Conference at Syracusa

Ferrari, Nino Fgarina, Aurelio Lampredi, klemcoll, Froilan Gonzalez, Syracusa

This gathering of some important members of the Ferrari team is at practice for the non-Championship Syracuse Grand Prix which took place on April 14, 1954 at the Syracusa public road circuit in Sicily. The car is the all new Ferrari 553F1 “Squalo,” so called because of its shark-like look, a 2.5 liter F1 car which it was hoped would be a step forward from the 625F1, an F1 carry-over of the 500F2 car which had been very successful over the prior two seasons. This particular 553F1 was used as the training car for Syracusa and, having blown its engine, Giuseppe “Nino” Farina here in the car would drive an older 625F1 with the number 2 in the race. There was a second 553F1 which would be driven in the race by Froilán González who is standing at the left above.

The 553F1 had first appeared in F2 1.5 liter form at the Italian Grand Prix at Monza in September 1953 where it finished fourth (Mike Hawthorn) and eighth (Umberto Maglioli). being two of Ferrari’s six entries. That race had an astounding finish as Alberto Ascari and Farina, each driving Ferrari 500F2s, both led Juan Fangio’s Maserati A6GCM into the final corner on the last lap. At this point Ascari spun and Farina had to go onto the grass temporarily to avoid him which allowed Fangio to take the win.

With González at the left and team leader Giuseppe “Nino” Farina in the car, the others are: to Farina’s left leaning on the tail of the car with coat and tie is “Maestro” Nello Ugolini, Ferrari’s team manager, while standing next to Ugolini with his foot on the rear tire is Ferrari’s head of design Aurelio Lampredi. The 553F1 was a Lampredi creation with a new shorter multi-tube chassis which featured side fuel tanks to reduce polar moment and hopefully make for more precise handling. The new F1 car also featured a new four cylinder Lampredi-designed motor which was a short stroke “over square” design with a new cylinder head with the valves inclined at 84° versus the 58° of the earlier F2 motor. Unfortunately, the new engine would suffer from various reliability issues, many seemingly deriving from the high internal stresses of its short stroke design.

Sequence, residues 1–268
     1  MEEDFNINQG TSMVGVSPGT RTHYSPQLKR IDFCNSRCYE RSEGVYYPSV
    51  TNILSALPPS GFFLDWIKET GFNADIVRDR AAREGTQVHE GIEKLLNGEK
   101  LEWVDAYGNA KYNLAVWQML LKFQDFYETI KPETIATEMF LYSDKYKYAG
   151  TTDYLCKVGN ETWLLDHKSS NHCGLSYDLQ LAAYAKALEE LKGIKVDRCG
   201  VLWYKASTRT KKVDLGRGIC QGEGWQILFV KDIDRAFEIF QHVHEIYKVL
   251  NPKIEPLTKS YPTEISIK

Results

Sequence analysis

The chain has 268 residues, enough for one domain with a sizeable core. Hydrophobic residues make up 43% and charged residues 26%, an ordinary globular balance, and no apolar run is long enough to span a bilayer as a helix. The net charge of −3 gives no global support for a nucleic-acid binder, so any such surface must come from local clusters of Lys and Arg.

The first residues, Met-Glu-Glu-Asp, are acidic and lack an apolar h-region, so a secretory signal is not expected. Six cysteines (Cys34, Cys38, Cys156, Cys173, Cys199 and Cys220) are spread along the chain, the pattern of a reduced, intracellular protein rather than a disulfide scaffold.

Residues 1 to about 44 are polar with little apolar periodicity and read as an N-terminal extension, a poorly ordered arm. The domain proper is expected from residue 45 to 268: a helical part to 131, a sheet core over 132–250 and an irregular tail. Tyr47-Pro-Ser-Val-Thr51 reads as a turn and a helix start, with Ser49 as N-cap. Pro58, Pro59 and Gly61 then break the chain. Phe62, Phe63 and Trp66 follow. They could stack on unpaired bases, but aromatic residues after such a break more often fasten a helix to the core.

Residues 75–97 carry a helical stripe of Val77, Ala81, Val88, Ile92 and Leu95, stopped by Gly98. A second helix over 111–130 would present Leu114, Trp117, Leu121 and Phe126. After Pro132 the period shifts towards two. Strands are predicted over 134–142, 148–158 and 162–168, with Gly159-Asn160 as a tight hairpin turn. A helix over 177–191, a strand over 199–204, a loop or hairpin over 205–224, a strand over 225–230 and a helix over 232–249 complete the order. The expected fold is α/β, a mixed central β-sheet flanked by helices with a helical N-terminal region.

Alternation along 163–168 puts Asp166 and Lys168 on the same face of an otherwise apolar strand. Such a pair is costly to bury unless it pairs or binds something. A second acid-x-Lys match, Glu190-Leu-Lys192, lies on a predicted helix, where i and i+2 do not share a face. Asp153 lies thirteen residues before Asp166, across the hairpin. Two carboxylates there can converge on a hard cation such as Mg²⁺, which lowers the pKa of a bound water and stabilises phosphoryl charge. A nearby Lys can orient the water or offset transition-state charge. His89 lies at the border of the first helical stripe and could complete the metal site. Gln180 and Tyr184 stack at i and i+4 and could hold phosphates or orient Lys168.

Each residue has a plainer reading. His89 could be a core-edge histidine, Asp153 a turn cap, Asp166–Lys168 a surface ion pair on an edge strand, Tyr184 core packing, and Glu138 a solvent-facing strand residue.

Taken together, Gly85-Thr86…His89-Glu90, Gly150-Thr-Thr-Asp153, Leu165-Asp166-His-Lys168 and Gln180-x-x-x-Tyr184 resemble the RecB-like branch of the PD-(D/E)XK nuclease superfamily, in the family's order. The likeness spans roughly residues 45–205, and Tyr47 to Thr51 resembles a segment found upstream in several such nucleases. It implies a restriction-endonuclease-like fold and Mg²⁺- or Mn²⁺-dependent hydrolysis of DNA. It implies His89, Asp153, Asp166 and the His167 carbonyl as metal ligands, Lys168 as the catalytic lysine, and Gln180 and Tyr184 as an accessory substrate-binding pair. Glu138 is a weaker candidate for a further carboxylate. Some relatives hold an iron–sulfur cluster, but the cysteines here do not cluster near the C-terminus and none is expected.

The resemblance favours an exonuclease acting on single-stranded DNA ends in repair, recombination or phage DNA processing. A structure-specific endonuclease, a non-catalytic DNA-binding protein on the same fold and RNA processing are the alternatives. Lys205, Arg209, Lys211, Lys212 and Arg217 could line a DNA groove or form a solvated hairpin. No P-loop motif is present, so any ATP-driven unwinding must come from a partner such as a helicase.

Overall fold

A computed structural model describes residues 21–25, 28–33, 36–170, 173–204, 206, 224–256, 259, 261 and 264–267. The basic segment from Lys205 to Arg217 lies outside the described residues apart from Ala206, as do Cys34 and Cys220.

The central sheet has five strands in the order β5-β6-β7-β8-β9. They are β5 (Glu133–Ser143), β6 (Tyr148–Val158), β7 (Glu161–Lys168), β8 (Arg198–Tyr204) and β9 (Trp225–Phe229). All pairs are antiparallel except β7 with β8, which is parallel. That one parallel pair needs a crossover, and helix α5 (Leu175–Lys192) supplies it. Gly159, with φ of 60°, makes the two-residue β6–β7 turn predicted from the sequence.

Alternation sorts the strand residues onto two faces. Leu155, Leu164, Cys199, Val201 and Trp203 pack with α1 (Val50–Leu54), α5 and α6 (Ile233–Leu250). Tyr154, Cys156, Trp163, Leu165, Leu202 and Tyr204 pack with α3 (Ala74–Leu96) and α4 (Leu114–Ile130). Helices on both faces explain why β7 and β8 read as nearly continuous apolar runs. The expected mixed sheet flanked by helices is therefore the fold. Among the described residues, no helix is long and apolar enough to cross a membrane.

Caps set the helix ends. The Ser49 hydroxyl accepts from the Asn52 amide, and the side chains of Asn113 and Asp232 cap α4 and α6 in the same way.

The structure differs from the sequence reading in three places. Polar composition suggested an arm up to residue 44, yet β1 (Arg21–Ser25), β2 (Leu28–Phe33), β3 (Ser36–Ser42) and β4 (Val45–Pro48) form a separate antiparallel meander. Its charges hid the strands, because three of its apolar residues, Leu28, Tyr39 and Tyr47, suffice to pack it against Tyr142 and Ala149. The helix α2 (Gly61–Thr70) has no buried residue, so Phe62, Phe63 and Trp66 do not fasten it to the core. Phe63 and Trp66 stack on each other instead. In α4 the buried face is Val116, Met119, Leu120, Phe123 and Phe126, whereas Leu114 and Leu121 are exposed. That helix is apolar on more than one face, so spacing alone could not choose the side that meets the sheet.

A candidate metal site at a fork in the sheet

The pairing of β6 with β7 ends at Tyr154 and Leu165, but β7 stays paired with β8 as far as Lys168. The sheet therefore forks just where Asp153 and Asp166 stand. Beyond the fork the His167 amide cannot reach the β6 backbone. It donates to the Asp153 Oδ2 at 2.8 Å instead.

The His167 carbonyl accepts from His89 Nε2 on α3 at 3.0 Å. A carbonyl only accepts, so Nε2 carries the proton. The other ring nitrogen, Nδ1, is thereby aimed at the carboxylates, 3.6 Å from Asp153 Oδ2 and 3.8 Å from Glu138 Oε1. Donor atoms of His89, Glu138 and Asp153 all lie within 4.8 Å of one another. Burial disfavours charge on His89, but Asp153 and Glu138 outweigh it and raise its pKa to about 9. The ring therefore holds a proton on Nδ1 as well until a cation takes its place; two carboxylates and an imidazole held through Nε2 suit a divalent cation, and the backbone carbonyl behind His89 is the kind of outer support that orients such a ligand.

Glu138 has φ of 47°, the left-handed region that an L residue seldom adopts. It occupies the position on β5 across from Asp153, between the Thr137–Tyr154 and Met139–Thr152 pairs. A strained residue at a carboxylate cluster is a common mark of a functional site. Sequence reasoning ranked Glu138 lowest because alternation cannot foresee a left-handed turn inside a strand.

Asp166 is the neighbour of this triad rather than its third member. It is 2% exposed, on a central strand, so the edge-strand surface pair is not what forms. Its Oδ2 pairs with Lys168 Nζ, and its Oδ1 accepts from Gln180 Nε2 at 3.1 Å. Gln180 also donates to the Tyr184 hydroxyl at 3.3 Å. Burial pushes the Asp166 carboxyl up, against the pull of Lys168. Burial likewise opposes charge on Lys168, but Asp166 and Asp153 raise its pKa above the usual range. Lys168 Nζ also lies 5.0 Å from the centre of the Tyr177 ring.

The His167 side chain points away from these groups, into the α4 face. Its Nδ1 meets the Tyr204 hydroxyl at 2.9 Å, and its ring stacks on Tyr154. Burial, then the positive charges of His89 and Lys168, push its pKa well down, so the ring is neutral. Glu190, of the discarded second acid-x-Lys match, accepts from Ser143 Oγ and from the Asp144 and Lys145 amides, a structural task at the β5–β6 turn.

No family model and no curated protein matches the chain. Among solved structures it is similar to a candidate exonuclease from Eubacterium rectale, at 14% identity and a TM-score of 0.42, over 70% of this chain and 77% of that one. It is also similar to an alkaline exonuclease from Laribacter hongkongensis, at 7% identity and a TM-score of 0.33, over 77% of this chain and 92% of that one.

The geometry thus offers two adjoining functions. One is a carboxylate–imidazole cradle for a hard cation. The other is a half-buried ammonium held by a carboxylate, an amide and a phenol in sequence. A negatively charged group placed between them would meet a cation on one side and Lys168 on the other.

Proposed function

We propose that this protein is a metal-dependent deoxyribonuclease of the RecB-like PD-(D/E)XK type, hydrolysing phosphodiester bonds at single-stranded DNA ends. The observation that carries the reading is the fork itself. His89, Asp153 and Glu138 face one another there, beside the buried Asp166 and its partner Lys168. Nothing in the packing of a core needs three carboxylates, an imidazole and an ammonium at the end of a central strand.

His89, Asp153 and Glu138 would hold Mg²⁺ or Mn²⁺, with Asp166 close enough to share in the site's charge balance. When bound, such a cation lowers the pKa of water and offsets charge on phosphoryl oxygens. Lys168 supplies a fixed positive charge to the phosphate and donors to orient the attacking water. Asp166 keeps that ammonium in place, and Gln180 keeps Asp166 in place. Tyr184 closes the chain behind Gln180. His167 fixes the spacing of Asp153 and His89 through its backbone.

Ferrari, Syracusa GP, klemcollIn the Syracusa race Hawthorn backed his 625F1 into a wall due to being temporarily blinded by straw which had been thrown up by Marimon’s Maserati when it hit some bales. Hawthorn’s car then caught fire but he escaped with mild burns. González stopped in the same area to see if Hawthorn was all right, but his 553F1 then rolled into Hawthorn’s car and both machines were destroyed by the fires seen at the left.

In addition to its engine woes, the handling of the 553F1 did not show outstanding stability and some of the fuel tankage had been moved back to the tail for the Syracusa race. Eventually at the Spanish Grand Prix late in the year, Ferrari made a long overdue switch to coil spring front suspension, replacing their classic transverse front leaf spring, and Hawthorn won with his updated 553F1, ahead of Juan Fangio’s Mercedes W196.

Photos by Archivio Corrado Millanta ©The Klemantaski Collection –

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